Solar-powered irrigation is being aggressively promoted by the government as an affordable and sustainable solution for agriculture as well as the rising burden of electricity subsidy. But will solar pumps become a win-win situation for all stakeholders?

This paper seeks to assist policy-makers and researchers in India who are working to promote the uptake of off-grid, solar-powered pumps for groundwater irrigation. It begins by setting out key WEF linkages of importance for off-grid solar pumps.

A reliable supply of water is critical for agricultural intensification and yield improvement. Technological devices that lift, transport and apply water contribute to increased yield from improved crop varieties and high input cultivation.

PMKSY having AIBP, CAD, SMI, RRR and Ground Water components was approved by Cabinet during July, 2015 for a period from 2015-16 to 2019-20. Operational guidelines for Ground Water component were issued by the Ministry of Water Resources, RD & GR vide OM no P-15011/24/2016-SPR/2037-2105 dated July 2016.

India, the world's largest groundwater user, withdraws about 230 billion m3 groundwater annually for irrigation.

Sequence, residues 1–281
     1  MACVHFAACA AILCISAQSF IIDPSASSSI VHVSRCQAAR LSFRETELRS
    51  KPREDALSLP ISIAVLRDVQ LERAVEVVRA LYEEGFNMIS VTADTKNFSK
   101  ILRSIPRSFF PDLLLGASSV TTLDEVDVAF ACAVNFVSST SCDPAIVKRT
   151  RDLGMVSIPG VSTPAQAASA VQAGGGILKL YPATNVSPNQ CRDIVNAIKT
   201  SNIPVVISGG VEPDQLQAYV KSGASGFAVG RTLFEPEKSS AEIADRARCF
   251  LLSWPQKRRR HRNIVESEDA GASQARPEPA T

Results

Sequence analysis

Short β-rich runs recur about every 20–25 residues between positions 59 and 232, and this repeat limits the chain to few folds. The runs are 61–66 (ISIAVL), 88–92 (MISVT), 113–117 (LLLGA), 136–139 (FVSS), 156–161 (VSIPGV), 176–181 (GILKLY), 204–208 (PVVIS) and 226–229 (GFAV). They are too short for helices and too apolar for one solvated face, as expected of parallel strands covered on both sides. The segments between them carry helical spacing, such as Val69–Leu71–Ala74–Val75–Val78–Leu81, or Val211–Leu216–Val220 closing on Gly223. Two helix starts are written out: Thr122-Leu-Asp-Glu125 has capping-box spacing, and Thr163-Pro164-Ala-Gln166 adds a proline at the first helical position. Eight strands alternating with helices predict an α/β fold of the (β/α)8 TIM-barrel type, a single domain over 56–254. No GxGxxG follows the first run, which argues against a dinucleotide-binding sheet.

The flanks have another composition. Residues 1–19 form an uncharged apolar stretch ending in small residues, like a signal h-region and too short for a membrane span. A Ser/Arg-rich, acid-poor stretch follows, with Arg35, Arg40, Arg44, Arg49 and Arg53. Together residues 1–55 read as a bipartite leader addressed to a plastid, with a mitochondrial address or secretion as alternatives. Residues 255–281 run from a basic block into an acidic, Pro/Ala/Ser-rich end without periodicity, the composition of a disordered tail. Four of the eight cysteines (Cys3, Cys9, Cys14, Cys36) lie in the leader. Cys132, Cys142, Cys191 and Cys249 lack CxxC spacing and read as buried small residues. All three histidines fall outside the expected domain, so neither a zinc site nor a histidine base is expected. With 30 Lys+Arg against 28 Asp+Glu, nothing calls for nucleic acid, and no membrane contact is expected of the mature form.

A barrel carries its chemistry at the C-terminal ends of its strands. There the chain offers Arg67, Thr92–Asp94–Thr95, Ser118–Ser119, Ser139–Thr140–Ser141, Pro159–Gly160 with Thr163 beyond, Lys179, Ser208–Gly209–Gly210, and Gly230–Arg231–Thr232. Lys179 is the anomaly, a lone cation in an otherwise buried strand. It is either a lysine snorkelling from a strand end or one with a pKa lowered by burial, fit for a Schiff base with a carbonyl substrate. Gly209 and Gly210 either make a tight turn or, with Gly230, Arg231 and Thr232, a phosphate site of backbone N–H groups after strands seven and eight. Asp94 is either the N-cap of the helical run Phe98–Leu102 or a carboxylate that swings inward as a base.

International Water Resources Association (IWRA) launch policy brief “Sustainable Groundwater Development for Improved Livelihoods in Sub-Saharan Africa”. At least 400 million people in Sub-Saharan Africa source their domestic water supply from groundwater. Yet this often abundant resource only accounts for around 20% of total irrigation.

Limited access to water, droughts, floods and other climatic conditions are major challenges to food security in Ghana. Over 70% of smallholder farmers in the country practice rainfed agriculture, which is highly vulnerable to rainfall variability. Flooding and waterlogging of farmlands limit land use and crop productivity.

India is on a path to reduce its carbon emission intensity with a major thrust on increasing the grid-connected solar photovoltaic capacity. However, the carbon footprint in agriculture is on the rise. Heavy subsidies for electricity and diesel to pump groundwater for irrigated agriculture, combined with lack of regulations on water withdrawal, are resulting in both groundwater over-exploitation and increased carbon emissions.

Using groundwater for agricultural production has the potential to build resilience in food insecure regions of the world. Use of groundwater can boost agricultural production, improve rural incomes and strengthen farmers' ability to withstand climate shocks and water variability.

The objective of this case study is to understand the application of ICT technologies for rural groundwater management in China, and it’s impacts on the rural poor.

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